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February 5, 2010

The Council Hosts Annual Meeting this Month in Florida

The Personal Care Products Council will host its Annual Meeting Feb. 23-25 at the Boca Raton Resort & Club in Boca Raton, FL. The program features external and industry experts with unique perspectives on the challenges U.S. companies face in today’s complex, changing and globally competitive business environment.

The program will feature the release of Council-commissioned studies on industry sustainability practices, and the economic impact of the cosmetic and personal care products industry on our nation’s economy.Experts in social media will also examine the state of the beauty industry online.

Guest speakers include Google’s Dennis Woodside, vice president of America Operations and online marketing expert; pollster and author of “The Way We’ll Be,” John Zogby; Amy Longsworth, partner at Esty Environmental Partners; and social media marketing expert, Jennifer Utz of New Media Strategies.

This year’s condensed schedule consists of learning panels on media, marketing, research and development (R&D) and policy issues.Sessions will focus on new ways for companies to utilize social media and take advantage of opportunities in promising new international growth markets.They will also address emerging legislative, regulatory and international issues, including the coming reform of the FederalToxic Substances Control Act (TSCA).

In addition, several Council board members will serve as panelists and/or moderators, sharing their unique perspective as industry leaders on key issues. Annual Meeting Committee Chair Art Spiro of Elizabeth Arden and Council Board Chairman Dan Brestle will deliver remarks at the opening session with Council President and CEO Lezlee Westine.

Also on deck for the conference, David Holl of Mary Kay, George Schaeffer of OPI and Ed Shirley of Procter & Gamble will participate in an industry leader roundtable, and Scott Beattie of Elizabeth Arden will moderate a panel of financial experts discussing how emerging companies can access capital investment.

A reception and opening night dinner sponsored by Black Entertainment Television (BET) will kick off the three-day event and provide an opportunity for networking.

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CSPA Releases Product Ingredients Dictionary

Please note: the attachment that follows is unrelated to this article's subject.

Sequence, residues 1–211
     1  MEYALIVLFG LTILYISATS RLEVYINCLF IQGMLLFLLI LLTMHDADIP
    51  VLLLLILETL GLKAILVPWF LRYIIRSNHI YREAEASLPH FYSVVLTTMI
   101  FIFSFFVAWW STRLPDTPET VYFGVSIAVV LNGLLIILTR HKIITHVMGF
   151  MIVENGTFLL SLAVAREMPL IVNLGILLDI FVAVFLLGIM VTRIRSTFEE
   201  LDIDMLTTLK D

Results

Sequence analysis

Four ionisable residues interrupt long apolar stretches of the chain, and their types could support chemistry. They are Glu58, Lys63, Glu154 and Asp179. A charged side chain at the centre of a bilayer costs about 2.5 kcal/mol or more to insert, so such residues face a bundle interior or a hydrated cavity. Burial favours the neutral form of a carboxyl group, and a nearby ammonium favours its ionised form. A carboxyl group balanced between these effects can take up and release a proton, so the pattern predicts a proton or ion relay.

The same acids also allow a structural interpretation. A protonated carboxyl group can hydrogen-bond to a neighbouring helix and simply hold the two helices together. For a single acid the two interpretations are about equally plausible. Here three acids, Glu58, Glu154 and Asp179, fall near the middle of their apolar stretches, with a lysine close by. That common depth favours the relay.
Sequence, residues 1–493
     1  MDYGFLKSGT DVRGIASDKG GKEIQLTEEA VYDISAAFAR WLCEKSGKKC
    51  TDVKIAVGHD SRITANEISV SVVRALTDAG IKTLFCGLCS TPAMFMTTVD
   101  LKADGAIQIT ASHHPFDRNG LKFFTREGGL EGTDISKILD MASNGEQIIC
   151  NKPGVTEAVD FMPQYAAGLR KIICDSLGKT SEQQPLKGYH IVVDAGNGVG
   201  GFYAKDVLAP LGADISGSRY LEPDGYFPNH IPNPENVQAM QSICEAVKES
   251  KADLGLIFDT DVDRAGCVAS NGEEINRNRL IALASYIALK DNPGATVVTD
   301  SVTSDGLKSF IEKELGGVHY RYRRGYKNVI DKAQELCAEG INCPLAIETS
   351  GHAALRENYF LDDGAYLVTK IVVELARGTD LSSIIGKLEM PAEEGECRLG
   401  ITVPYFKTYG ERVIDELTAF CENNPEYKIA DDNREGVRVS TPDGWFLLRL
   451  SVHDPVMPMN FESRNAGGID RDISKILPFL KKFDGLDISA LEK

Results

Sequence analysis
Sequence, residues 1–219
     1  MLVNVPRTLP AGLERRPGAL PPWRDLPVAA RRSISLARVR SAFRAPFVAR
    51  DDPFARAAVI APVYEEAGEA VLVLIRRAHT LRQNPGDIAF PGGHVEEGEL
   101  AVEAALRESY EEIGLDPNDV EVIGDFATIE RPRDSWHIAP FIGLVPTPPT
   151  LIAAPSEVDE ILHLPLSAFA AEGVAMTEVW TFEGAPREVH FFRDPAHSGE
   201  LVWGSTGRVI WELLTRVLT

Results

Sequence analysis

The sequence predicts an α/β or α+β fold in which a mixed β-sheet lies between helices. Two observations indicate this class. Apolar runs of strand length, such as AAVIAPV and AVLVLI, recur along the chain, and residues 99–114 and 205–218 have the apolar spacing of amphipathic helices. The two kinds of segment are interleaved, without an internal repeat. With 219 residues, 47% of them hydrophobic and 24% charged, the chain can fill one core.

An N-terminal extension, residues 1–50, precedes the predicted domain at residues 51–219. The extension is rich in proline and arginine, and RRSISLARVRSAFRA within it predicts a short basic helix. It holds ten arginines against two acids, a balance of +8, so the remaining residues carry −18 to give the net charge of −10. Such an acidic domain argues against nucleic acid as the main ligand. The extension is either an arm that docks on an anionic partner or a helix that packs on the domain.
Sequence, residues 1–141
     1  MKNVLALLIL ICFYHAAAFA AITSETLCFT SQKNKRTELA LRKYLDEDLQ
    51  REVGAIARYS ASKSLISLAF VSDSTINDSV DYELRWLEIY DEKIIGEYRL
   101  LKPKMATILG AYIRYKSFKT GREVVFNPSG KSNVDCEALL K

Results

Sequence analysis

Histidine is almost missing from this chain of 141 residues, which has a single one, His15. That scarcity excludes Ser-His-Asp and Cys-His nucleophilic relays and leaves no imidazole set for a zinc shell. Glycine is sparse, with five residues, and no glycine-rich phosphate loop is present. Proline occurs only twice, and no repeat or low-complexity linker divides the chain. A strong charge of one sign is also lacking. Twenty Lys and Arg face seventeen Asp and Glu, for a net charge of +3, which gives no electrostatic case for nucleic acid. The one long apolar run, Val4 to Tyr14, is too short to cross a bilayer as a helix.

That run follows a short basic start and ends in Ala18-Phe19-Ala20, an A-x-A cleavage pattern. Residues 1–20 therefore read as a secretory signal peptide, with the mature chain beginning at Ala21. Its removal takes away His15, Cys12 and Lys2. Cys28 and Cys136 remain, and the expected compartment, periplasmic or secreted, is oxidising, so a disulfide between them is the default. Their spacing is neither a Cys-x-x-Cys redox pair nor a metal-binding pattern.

The Consumer Specialty Products Association (CSPA) debuted the First Edition of its Consumer Product Ingredients Dictionary during its annual meeting in Florida. The dictionary was developed to standardize and define ingredient nomenclature for companies in the industry’s voluntary Consumer Product Ingredient Communication Initiative.

According to the CSPA, the dictionary will help assure consistency in the naming of chemicals for the initiative—especially since an ingredient can have several names.

“We are pleased to be able to deliver to the industry this valuable product that will support our ingredient communication initiative,” said Chris Cathcart, CSPA president.

“It is important that companies participating in that initiative are using consistent ingredient names so the industry can help consumers better understand what is in our products. I appreciate our members who have helped support this significant body of work that will grow over the years,” he added.

This first edition is available on a CD that contains all of the ingredient monographs approved through Oct. 2009 by the CSPA Nomenclature Committee, along with many useful indices and appendices.

Each ingredient monograph features the CSPA name for the ingredient, a complete technical definition, plus further information on the ingredient functions, the types of products in which it may be used, regulatory references, other names used for the ingredient, and the trade names of the suppliers that have submitted applications.

Those who purchase the first edition of the dictionary will receive three updates planned for March, June and September that will add additional ingredient monographs and update existing monographs, and applications continue to be processed. A second edition is planned for December 2010.

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The Council Refutes Biomonitoring Study

On Dec. 2, 2009, the Environmental Working Group (EWG) released the results of a biomonitoring study it commissioned that examined the umbilical cord blood of 10 American infants.

EWG alleges that the test found a number of chemicals in the cord blood of the newborns, including fragrances used in personal care products, and that this sample produces sufficient evidence that American children face pre-natal exposure to dangerous substances that may have lifelong consequences.

In response, John Bailey, chief scientist, Personal Care Products Council, noted that The Centers for Disease Control and Prevention (CDC) has already determined that “the measurement of an environmental chemical in a person’s blood or urine does not by itself mean that the chemical causes disease.”

According to Bailey, like all other ingredients used in cosmetic and personal care products, fragrances are evaluated for safety prior to use in marketed products, and regulated under the Federal Food, Drug, and Cosmetic Act, which gives the Food and Drug Administration (FDA) broad legal authority to protect the public if any personal care product is determined to be unsafe.

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